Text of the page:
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Don't cave into lobbyists

The drug industry wants to overturn a rule that would save millions

Not content to nurse its wounds after failing to block a low-cost drug formulary for the Oregon Health Plan two years ago, the pharmaceutical industry has girded for battle once more. Once more, it should taste defeat.

At issue is the amount the state spends to subsidize prescription medications for low-income residents covered by the health plan. The list of clinically effective but lower-cost drugs could save the state &

36;12 million a year.

That's not pocket change. And Oregon Health Plan members also would save because their co-payments would be smaller.

The 2001 law establishing the list made it voluntary for participating doctors. So far, the list hasn't had much effect on the state's costs, but supporters say the new rule that took effect May — could change that.

The rule says doctors now must prescribe drugs from the approved list for specific conditions unless they call the Department of Human Services to request an exemption.

— It's hardly surprising that the pharmaceutical industry opposes this approach. The industry sent nearly two dozen lobbyists to Salem to fight the original bill in 2001 and now is pressuring allies in the Legislature to pass House Bill 3624, which would void the May — rule change.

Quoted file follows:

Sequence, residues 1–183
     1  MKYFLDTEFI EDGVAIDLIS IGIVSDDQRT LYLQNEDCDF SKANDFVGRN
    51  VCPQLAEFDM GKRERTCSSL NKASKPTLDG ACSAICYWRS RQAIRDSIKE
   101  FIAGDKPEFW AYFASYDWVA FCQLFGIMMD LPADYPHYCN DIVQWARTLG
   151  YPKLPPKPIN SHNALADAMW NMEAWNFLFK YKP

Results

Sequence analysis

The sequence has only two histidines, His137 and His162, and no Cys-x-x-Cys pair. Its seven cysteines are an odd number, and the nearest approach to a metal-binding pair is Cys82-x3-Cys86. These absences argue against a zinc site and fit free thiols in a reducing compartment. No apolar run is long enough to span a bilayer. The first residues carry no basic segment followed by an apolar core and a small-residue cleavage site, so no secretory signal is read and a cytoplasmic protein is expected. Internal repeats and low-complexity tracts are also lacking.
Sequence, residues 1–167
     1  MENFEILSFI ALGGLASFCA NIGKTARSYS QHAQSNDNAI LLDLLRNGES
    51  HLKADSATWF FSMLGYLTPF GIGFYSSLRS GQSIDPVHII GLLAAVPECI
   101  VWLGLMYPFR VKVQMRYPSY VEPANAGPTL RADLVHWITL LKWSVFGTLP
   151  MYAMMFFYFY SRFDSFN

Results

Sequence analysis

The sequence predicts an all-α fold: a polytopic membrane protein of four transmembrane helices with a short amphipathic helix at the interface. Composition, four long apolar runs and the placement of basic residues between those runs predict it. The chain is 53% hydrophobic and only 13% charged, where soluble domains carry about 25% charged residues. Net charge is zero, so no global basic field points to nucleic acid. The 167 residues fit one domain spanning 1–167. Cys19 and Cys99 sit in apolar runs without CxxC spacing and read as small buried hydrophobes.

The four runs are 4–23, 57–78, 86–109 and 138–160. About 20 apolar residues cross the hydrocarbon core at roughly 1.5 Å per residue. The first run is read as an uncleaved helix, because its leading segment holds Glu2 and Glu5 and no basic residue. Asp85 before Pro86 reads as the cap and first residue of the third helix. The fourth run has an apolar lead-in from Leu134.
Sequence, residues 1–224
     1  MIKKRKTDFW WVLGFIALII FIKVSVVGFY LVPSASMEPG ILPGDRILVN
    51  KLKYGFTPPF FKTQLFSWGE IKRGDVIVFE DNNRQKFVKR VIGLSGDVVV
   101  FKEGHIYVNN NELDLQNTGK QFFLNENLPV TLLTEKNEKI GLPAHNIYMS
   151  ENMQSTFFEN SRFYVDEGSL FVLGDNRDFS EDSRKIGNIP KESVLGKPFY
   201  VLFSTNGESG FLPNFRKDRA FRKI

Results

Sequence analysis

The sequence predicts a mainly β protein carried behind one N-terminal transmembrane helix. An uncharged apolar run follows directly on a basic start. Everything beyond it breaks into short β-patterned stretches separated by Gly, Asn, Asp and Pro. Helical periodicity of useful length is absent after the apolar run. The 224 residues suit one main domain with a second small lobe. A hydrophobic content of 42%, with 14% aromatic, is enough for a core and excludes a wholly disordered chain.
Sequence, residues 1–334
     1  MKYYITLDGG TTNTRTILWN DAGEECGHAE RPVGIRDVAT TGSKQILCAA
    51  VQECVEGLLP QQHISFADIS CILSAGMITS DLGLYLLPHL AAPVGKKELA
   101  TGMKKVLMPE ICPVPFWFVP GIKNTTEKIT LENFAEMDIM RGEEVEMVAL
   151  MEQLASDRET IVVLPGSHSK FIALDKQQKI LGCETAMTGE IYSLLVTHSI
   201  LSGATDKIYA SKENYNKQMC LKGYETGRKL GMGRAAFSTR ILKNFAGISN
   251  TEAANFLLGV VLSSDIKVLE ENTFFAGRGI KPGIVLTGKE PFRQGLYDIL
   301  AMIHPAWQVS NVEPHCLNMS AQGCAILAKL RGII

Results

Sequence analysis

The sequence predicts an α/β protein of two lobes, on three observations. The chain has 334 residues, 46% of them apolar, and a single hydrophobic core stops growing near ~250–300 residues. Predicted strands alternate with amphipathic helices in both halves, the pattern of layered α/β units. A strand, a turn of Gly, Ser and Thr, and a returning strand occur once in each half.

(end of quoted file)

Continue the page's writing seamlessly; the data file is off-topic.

At a time when Oregonians are clamoring for the state to live within its means, it may seem odd that there is any support at all for blocking a rule that could save millions. But that's politics ' especially when big campaign contributors such as pharmaceutical companies are turning up the heat.

Lawmakers should resist this attempt to benefit big business at the expense of state government and low-income people.

Sen. John Minnis, R-Wood Village, who supports overturning the new rule, argues that it violates the intent of the 2001 law, which was designed to be voluntary for physicians. If that's true, fine. Change the law.

Just don't cave in to the lobbyists.

The right decision

The Ashland School District made the right decision when it leased part of the vacant Briscoe Elementary School to the Oregon Child Development Coalition's Migrant Head Start program.

Not only is the community apparently in favor of retaining the old but handsome building in district ownership, but keeping it will bring in revenue and leave the district the option of using Briscoe as a school building in the future ' should district enrollment make that necessary.

In the meantime, the three-year lease will bring in some &

36;109,000 annually. The agreement makes the Migrant Head Start program responsible for the rent, taxes, insurance and maintenance.

The program will occupy seven classrooms, the music building and kitchen for classes beginning in mid-August. Head Start will begin moving in to the old school this week.

Board member Terry Littleton said, People seem happy we've found children to occupy the building. That's right.

In addition, the lease agreement allows the district to help another publicly funded education program that provides a major service to some students who really need it, said board member Chuck Keil.

That's also right. And district officials added that they are willing to explore partnerships with other alternative education programs. We encourage them to do that. That approach benefits the community and the school district.